Certain statements in this release may constitute “forward-looking statements” within the meaning of Section 21E of the Securities Exchange Act of 1934 and Section 27A of the Securities Act of 1933, including, but are not limited to, statements concerning the performance improvements experienced and test results reported by StatSoft and the effect of these on its operations and business and that of its STATISTICA suite customers. These statements are based on current expectations and assumptions regarding future events and business performance and involve certain risks and uncertainties that could cause actual results to differ materially from those contained, anticipated, or implied in any forward-looking statement, including, but not limited to, the risk that StatSoft may not realize the advantages it expects from deploying our technology and that other users of STATISTICA with our technology may not experience the performance advantages reported by StatSoft in its testing, and such other risks set forth in the registration statements and reports that Fusion-io files with the U.S. Securities and Exchange Commission, which are available on the Investor Relations section of our website at www.fusionio.com. You should not rely upon forward-looking statements as predictions of future events. Although we believe that the expectations reflected in the forward-looking statements are reasonable, we cannot guarantee that the future results, levels of activity, performance or events and circumstances reflected in the forward-looking statements will be achieved or will occur. Fusion-io undertakes no obligation to update publicly any forward-looking statement for any reason after the date of this press release.
General Bottlers, part of Pepsi Americas, has implemented STATISTICA Enterprise to automate the process of monitoring the beverage manufacturing process.
This has saved time and costs while improving the quality of the process with the use of modern analytic tools.
I was invited to start writing a personal blog about my experiences with project management and STATISTICA. I have been an employee since 2005 and have worked on very diverse project types.
Some projects were two weeks. Some projects lasted almost 2 years. They were for StatSoft customers and for StatSoft internal use.
In 2009, I worked on a project to migrate the StatSoft Electronic Statistics Textbook (EST) from HTML pages into a Content Management System (CMS). In many ways this was a “StatSoft internal” project. We wanted an easier method to update pages and track changes.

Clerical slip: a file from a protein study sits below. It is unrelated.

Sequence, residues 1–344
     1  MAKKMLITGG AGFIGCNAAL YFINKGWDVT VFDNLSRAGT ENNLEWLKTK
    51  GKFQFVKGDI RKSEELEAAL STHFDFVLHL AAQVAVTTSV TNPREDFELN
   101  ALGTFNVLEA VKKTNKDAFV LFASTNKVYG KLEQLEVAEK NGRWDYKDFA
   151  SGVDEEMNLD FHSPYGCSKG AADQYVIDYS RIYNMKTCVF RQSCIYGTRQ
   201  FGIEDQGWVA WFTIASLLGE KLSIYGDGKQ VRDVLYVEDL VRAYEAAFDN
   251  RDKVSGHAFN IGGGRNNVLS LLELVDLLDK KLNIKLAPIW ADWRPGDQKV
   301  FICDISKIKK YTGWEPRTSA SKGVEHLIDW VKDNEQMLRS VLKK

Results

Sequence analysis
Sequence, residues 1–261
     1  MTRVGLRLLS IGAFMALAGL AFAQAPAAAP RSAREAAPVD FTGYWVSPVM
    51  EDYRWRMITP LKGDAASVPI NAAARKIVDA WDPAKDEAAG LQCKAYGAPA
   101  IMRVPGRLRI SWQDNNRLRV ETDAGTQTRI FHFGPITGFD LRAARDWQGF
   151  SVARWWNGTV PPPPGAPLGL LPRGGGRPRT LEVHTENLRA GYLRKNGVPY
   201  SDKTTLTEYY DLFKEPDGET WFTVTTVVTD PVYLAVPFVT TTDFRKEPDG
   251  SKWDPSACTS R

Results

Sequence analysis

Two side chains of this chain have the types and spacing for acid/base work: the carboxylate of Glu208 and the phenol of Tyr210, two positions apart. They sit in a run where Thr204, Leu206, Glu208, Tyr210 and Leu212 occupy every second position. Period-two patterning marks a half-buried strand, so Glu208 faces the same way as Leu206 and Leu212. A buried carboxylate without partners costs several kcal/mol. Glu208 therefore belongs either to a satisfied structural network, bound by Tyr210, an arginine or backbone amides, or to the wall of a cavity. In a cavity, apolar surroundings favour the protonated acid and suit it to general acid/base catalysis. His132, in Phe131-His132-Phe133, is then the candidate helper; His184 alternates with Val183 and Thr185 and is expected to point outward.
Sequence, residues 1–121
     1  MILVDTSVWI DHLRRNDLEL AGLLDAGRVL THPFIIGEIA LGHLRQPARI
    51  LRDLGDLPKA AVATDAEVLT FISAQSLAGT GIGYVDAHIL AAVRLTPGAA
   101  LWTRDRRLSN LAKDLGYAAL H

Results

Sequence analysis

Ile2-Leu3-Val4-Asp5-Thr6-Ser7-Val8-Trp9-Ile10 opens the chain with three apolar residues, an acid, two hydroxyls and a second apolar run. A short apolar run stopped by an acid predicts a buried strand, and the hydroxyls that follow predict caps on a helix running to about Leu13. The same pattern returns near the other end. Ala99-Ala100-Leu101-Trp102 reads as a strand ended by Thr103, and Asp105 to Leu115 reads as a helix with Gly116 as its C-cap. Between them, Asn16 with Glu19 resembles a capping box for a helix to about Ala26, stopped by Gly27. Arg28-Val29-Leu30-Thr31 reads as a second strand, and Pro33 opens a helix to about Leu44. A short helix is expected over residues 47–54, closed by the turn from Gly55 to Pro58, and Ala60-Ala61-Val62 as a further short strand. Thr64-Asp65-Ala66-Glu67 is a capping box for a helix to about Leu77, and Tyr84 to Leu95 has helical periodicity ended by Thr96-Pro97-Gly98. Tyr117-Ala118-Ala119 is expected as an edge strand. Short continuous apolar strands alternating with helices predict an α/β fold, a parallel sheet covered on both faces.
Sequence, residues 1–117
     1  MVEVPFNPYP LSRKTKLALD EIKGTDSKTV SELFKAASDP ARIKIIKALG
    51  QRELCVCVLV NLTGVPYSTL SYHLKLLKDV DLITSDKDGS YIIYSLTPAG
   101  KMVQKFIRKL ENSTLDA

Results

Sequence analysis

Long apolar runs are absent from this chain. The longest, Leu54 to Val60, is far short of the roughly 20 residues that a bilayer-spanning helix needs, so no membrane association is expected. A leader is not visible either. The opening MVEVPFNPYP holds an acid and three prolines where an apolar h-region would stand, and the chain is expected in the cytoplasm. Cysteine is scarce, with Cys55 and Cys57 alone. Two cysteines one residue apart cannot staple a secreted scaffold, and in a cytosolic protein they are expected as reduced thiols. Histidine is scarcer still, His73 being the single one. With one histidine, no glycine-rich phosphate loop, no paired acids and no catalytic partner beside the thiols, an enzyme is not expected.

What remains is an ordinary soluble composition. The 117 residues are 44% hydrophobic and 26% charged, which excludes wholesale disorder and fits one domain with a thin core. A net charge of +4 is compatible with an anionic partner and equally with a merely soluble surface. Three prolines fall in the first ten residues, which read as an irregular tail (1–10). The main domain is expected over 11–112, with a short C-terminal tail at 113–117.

The project itself was easy to plan and easy to execute. We had about 200 pages to move from HTML into a CMS.
The most interesting point about this project was the actual book.
This online statistics textbook has been available since at least 1997. I found a copy of a few pages on the WayBack Machine. These 1997 pages supported the AOL browser and Netscape 2.0 browser. This was the year that Internet Explorer 4.0 was released, and Windows 95 was the common operating system.
EST visitors now use Internet Explorer 6, 7, 8, or 9, FireFox, Chrome, Opera, and Safari. And they visit us from their phones; Android, Blackberry, iPhone, Nokia, etc. They visit us from other devices: iTouch, iPad, Nook, Playstation 3. (I don’t know why, but I am amused by the Playstation 3 visitors. Maybe these are college students?)
During this project, I discovered that StatSoft management had offered this textbook online as a public service. This book was developed from Dr. Paul Lewicki and Dr. Thomas Hill’s teaching experiences at The University of Tulsa. Both are part of the senior management at StatSoft.
Understanding statistics are important to all of us. Statistics surrounds our daily lives. It impacts:
- the medication we take
- the education system our children attend
- the food we eat
- the cars we drive
- the air we breath
I was fascinated and stunned by how many people use the EST.
There are hundreds of thousands of pages that reference the EST. It is used by many universities to teach statistics.
Wikipedia editors see the EST as an expert source of materials. They use different pages as references.
Google Books can find 390 printed books that use the EST as a reference.
The EST is used as references in patents.
Thousands of scholarly papers reference the EST.
When I search for EST hyperlinks in Facebook and Twitter, there are always people talking about the book.
And the EST wins different awards and recommendations. It was recommended by Encyclopedia Britannica for learning about statistics. Recently, we won a Best of Web award. EST got the highest rating (Cons = None).
Written by: Danny Stout
Now that I’m officially 39 years old…again…I’ve been around long enough to hear more than a few phrases become popular and then disappear after a few months or years. Most of them have been used in popular culture, but there have also been terms used professionally as well that are no longer groovy. One such popular term that I’ve been hearing a lot lately is Big Data. It seems that the term Big Data may mean different things to different people. What exactly is Big Data? What is Big Data doing for us? Finally, is Big Data here to stay, or will we be talking about a new popular term in a few more years?